(Pavillion, Wyo.) – East Pavillion landowners, and others, expressed concerns Thursday afternoon that the public will not have an opportunity to look at independent expert reviewed data on the East Pavillion water well investigation until after the Environmental Protection Agency and Encana Oil and Gas have had a chance to review the data and make corrections.
Landowners in the East Pavillion Gas Field have charged that hydraulic fracturing, a process known as fracking, is the cause of water well contamination in their domestic water wells. Their suspicions were confirmed by an initial EPA two-year-long study, but after industry push back, EPA withdrew from the primary investigation and turned it over to the State of Wyoming.
“I have real reservations about the process that Encana can make corrections,” said landowner John Fenton following a meeting of the Pavillion Working Group Thursday afternoon at the Wind River District 6 Recreation Center. “Especially since Encana granted the state the funds for these studies. I feel like a mushroom here, we’re being kept in the dark. This process isn’t very transparent.”
Todd Parfitt, Director of the Wyoming Department of Environmental Quality, who is co-leading the agency review of existing and new data along with the Wyoming Oil and Gas Conservation Commission, defended the process. “What we laid out was a framework document to look at all four components, the well bore integrity, surface pits, domestic water wells and the cisterns project. All of that was covered, and as part of the process, we’ll put our report together, the experts review the information, we get feedback from Encana and EPA and then it goes to the public.”
When he was asked why the public couldn’t see the data before it is sent to Encana, Parfitt said, “some of that (information) may get changed in the process. We want to provide info we can all agree on that is reviewed and the best available, rather than have info out there that is not the final conclusion.” He then indicated, “there is still an opportunity for individuals to comment once it is made publicly available.”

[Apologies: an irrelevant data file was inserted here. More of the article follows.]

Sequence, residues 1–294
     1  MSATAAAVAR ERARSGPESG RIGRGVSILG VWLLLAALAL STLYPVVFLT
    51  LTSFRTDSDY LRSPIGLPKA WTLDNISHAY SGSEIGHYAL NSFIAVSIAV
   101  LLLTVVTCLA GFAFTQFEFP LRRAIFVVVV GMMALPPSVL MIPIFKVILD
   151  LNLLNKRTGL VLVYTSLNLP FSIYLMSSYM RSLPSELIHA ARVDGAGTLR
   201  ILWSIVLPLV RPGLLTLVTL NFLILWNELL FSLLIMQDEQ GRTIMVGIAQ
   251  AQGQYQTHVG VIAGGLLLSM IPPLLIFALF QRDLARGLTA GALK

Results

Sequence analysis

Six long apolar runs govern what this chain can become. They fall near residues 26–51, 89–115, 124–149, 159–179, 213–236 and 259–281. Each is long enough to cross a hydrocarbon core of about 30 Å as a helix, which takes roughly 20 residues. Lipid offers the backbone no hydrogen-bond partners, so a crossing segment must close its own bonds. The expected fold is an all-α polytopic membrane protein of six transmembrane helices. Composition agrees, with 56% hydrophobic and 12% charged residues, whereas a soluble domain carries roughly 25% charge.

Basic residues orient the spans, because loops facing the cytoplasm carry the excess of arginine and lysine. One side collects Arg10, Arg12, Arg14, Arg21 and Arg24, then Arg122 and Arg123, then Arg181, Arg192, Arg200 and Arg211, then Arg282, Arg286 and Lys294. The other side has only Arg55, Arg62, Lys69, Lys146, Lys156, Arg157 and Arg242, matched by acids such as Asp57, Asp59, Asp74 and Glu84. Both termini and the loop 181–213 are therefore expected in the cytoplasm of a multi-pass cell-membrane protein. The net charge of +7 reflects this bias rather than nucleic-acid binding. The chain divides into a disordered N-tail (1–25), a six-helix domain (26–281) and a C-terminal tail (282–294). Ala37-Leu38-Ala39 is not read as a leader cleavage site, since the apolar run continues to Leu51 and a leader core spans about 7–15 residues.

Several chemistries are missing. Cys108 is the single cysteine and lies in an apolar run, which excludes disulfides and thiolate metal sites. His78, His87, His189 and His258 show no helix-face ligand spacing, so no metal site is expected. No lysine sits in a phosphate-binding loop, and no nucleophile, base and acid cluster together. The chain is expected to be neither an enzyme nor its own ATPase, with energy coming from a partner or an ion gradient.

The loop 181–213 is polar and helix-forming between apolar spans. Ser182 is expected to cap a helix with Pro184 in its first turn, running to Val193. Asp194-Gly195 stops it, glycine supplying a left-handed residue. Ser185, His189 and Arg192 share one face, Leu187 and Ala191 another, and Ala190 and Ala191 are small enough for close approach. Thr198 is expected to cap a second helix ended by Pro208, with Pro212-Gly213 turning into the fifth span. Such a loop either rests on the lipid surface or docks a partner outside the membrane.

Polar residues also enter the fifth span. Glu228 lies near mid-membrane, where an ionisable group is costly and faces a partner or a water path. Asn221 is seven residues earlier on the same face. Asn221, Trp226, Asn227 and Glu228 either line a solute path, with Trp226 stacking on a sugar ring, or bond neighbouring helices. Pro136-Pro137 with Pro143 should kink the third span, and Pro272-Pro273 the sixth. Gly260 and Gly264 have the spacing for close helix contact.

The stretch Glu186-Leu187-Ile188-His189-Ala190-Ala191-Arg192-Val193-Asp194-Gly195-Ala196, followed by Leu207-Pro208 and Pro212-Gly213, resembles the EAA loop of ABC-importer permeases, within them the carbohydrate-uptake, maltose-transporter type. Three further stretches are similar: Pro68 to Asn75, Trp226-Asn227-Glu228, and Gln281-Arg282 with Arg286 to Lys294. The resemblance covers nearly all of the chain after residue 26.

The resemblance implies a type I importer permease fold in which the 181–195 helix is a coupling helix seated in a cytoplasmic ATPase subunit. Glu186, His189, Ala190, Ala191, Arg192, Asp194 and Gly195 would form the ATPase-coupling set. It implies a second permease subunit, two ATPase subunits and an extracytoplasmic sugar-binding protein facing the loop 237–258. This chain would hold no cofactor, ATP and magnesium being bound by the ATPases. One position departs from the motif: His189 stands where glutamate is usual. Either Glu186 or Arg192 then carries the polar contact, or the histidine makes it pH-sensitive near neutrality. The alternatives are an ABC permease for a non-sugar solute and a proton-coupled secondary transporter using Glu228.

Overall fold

Jeff Locker, another East Pavillion resident with a contaminated water well, asked if the public could see what changes were made in the document after Encana’s review. “Otherwise there is no transparency at all, other agencies get to see it, but not us. That bothers me,” he said.
Parfitt said that possibility had been discussed. “We’ve had discussion about that or about adding an attachment to the final report with comments from EPA and Encana. We haven’t discussed how to present that. It’s a possibility.”
Several members of the Powder River Basin Resource Council in attendance also questioned if the well bore integrity review results would be shared publicly. “We will make that data available to the landowners whose wells we sample,” he said, indicating it would be just their own well they could get results for, not all of the wells.
Parfit also noted that the EPA monitoring wells #1 and #2, where traces of hydrocarbons were found in the initial EPA investigation, would not be resampled. Wyoming EPA Water Quality Division representative Mark Thiesse said a total of 13 domestic water wells would be tested. “We just finished sampling the fourth well, we hope to have it all done by June 20th. It’s taking about one day per well.”
Parfitt said the timeline for getting the reviewed data to the individual experts in each focus area would be in the November, December time frame this coming winter.
In reaction to the story on Friday, Governor Matt Mead’s Communication Director, Renny MacKay, asked County10.com to clarify that Encana cannot edit the findings after an independent expert review, but they can make suggested corrections if they find mistakes in the data, especially if it is on one of their wells. “EPA has the same opportunity, if a mistake is found, they can suggest a correction, it then goes back for further review before it is finalized.” MacKay also noted that 14 domestic water wells were found with constituent contamination, not several dozen, as originally reported. MacKay said of the 32 total cisterns to be installed in the East Pavillion area, the majority, all but 14, did not have any contamination but were installed “to protect property values.”